What can contemporary scientific psychology, barely 150 years old, teach us about the emotions that literary and philosophical inquiry cannot? A symposium on the UWindsor campus April 20 and 21 will bring scholars from around the world to explore that question.
Psychology, Emotion, and the Human Sciences is sponsored by the Centre for Research in Reasoning, Argumentation, and Rhetoric and English professor Stephen Pender, research leadership chair in the Faculty of Arts and Social Sciences.
Dr. Pender says the symposium was inspired in part by social theorist Jon Elster’s argument that with some emotions – including regret, relief, envy and pity – there is more to be learned “from moralists, novelists, and playwrights than from the cumulative findings of scientific psychology.”
The two-day program in Alumni Hall’s McPherson Lounge will feature dozens of presenters, including these from the University of Windsor:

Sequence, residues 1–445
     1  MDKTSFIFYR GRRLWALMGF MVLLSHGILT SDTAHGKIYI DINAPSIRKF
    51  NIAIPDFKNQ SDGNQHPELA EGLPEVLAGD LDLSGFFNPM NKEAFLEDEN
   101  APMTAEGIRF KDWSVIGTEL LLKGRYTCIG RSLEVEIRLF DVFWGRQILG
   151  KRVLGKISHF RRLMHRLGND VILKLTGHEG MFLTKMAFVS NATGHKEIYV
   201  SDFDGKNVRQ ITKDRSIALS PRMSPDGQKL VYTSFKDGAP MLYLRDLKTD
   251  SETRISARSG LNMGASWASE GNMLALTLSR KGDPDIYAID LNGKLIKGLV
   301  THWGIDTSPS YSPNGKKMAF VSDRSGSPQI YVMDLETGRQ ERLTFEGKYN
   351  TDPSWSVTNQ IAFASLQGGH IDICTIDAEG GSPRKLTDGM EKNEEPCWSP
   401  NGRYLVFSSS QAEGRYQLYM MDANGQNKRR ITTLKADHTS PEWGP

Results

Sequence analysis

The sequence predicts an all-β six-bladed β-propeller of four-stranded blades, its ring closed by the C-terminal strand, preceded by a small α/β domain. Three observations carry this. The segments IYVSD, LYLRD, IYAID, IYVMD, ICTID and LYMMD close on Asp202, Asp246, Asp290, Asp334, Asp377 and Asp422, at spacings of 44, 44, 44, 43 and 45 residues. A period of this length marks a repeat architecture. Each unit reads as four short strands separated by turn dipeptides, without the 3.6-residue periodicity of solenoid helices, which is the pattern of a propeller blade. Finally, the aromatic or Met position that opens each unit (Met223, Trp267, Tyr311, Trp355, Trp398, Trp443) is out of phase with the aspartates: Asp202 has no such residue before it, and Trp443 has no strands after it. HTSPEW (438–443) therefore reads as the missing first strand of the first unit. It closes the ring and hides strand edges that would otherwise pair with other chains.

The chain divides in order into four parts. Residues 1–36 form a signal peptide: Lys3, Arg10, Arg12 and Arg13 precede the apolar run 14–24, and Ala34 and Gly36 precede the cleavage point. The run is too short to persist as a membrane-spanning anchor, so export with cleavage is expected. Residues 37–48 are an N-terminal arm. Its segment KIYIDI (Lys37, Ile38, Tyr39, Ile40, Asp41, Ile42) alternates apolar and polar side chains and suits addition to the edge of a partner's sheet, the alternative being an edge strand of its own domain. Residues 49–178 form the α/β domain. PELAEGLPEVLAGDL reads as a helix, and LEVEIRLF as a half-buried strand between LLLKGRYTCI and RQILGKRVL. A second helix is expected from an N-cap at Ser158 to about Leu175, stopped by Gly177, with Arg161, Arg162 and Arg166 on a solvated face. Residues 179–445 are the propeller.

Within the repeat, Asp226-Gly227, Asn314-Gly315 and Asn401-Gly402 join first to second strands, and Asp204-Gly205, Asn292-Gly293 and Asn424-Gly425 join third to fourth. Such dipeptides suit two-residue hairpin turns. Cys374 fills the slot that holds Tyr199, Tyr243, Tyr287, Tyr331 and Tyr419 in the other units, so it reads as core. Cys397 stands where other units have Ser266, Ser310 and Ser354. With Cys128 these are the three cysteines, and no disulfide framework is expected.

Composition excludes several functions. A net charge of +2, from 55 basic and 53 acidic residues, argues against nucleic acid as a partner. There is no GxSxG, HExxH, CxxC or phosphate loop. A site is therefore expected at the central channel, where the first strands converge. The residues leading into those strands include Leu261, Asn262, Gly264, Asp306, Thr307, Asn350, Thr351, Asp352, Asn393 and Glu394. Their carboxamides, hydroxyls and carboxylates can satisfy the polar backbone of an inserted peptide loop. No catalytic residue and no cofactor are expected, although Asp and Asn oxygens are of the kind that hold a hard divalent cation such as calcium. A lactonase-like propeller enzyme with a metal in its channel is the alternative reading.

- Laura Benacquista on “The Importance of Cultivating an Intellectual Sympathy through Visual Images;”
- Stephen Pender on “Distance, Feeling;”
- Michael K. Potter on “Verstehen and Einbildung: What Psychopaths Can Teach Us about Affective Education;”
- Catherine Hundleby on “Bias and Fallacies of Argumentation: The Case of Androcentrism;” and
- Justin Ross Morris on “Emotional Argumentation and Feminist Dialogics: A Recipe for Empathetic Engagement.”
“I am very excited to be hosting philosophers and scholars from around the world -- Israel, the UK, France -- and across the country for a symposium devoted to exploring the relationships between psychology and pedagogy, philosophy and emotion,” Pender says. “The program is rich, the papers engaging, and I hope it will be a symposium in the true sense of the word.”
Find more information, including a full program, the list of abstracts, and registration details, on the symposium Web site.